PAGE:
I was excited to be asked by Dr Clare Gerada (who had attended a workshop on falls prevention) to contribute to her weekly RCGP Blog about falls prevention. I sent her my “Ten Top Tips for Falls Prevention”, repeated below. 

My 10 Top Tips for Falls Prevention:

  1. Make sure the hallway and stairs have working lights- if possible, replace with low-energy light bulbs and keep lights on overnight. 
  2. Wear slippers with an appropriate heel, so that they stay firmly on the feet.
  3. Regular, gentle exercise can help reduce risk of falling and also fear of falling. Exercise such as Tai Chi is particularly helpful at improving balance. 
  4. Check out signs that a person is unsure on their feet such as “furniture walking”, or clear dirty marks where walls are used for support. Having grab rails installed at key sites around the home or at the entrance to the home can be arranged by local community OT services.
  5. Fasten any torn bits of carpet or lino down- gaffer tape is ideal for this, if an older person can’t afford to replace floor coverings.
  6. Tripping over the edges of rugs is really common- either remove rugs, or fasten down the edges to reduce this risk.
  7. Medication management- GPs are well placed to review medications and watch for interactions, non-compliance etc.
  8. Check for use of alcohol- which increases falls risk and may  interact  with medications, or even be used to self-medicate undiagnosed depression.
  9. Poor foot care can be a reason for not wearing slippers, and can contribute to falls. GPs can check if a person would like a Chiropody referral, if foot care is difficult for an individual.
  10. Multi-disciplinary teamworking can solve many issues- so don’t be shy about asking for help! Occupational therapists, physiotherapists and chiropodists can be really useful contacts for falls prevention.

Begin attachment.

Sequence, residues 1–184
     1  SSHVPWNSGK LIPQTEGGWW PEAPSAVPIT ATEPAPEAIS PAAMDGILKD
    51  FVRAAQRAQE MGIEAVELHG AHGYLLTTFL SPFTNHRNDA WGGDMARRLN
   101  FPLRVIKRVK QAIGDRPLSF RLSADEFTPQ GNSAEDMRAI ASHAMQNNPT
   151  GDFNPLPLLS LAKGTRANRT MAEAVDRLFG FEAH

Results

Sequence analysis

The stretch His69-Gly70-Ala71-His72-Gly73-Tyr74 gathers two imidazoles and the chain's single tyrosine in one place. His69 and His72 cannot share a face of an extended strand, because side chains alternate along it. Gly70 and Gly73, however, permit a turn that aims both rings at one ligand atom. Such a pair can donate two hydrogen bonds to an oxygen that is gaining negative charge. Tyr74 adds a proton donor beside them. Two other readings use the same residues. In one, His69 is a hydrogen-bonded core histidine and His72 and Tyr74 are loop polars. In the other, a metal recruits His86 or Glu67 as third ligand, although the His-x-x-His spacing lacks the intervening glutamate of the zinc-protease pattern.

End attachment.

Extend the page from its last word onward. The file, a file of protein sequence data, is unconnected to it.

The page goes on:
A Few Falls Facts: 

  1. A fall at home that leads to a hip fracture costs the state £28,665 on average (726 million a year in total). This is 4.5 times the average cost of a major housing adaptation and over 100 times the cost of fitting hand and grab rails to prevent falls (Heywood et al 2007).
  2. The provision of a home safety programme and exercise programme delivered by occupational therapists was found to reduce falls significantly (Campbell AJ et a, 2005).
  3. A community based occupational therapy based falls prevention service cut the number of falls among older people by half according to evidence published in the BMJ

(from COT website available at

Can I use the “Top 10 Tips” as a resource for my work/ care setting?

The “10 Top Tips and a Few Falls Facts” post is available as a free-to-use PDF that you may print off and use in your care setting (or as a reminder when visiting an older relative?) please see the following link:

Further learning

I was delighted that the post was so warmly received by many health professionals and carers, who said they would be interested in using it. I was also pleased to hear further information from professionals with expertise that I don’t possess- from Optometrists, Pharmacists, Telecare consultants and Cardiac Doctors- who all had further info to share. I bookmarked Tweets that contained further links, so that I could share them with you, here.